Class Action Fairness Act

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The first legislative victory of the 109th Congress — long-awaited reform of the nation's class action laws — was also a big win for the nation's home builders. President Bush signed the "Class Action Fairness Act of 2005" into law on Feb. 18, shortly after it cleared the House and Senate.

May 01, 2005

The first legislative victory of the 109th Congress — long-awaited reform of the nation's class action laws — was also a big win for the nation's home builders. President Bush signed the "Class Action Fairness Act of 2005" into law on Feb. 18, shortly after it cleared the House and Senate. NAHB designated this bill as a key congressional vote because of its significance to the housing industry.

The legislation will curb the number of frivolous lawsuits that unnecessarily drive up the cost of housing. The measure moves into federal court class action lawsuits when the total amount in dispute exceeds $5 million, and when any plaintiff and the defendant live in different states.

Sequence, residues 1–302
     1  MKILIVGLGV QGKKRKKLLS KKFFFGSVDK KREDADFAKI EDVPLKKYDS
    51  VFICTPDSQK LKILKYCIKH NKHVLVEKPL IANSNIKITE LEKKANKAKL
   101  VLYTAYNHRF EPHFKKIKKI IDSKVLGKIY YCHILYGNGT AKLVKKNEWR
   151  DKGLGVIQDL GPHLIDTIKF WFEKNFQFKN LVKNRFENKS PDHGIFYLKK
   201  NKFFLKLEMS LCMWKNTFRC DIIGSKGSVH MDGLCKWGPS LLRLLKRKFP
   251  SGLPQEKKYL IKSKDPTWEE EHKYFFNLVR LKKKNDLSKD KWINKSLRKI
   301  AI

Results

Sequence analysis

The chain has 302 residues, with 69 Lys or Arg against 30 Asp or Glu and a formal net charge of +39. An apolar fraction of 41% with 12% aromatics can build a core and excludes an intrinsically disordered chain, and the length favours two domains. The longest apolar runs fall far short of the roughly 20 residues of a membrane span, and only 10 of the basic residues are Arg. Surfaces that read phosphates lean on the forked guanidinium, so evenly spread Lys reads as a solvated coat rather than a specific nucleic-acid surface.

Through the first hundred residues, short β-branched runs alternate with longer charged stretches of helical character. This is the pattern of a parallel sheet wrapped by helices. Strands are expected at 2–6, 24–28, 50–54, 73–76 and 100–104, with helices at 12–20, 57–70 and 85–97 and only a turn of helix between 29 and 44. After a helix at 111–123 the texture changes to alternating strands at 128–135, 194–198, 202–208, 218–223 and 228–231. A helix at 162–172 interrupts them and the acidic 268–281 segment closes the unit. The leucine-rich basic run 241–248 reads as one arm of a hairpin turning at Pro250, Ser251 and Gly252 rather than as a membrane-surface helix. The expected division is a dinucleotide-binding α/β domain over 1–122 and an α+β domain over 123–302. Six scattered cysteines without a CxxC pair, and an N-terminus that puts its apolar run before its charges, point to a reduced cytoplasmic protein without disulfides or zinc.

As an association which represents the entire spectrum of the housing industry, from both small and high production builders, as well as manufacturers of component products, NAHB believes these provisions will discourage "forum shopping," an abusive practice where attorneys seek out certain state courts that have a history of biased judgments against defendants in class action suits. This has reached a point where defendants will settle cases, even those without merit, rather than risk trial in state court.

The new law resolves this problem by shifting class action cases to federal courts, which tend to be more objective in their decisions than state courts. It also protects defendants from undue pressure to settle, and provides safeguards for plaintiffs by ensuring that they benefit from damage awards rather than lawyers.

NAHB will continue to support additional legislation to reform our tort system.

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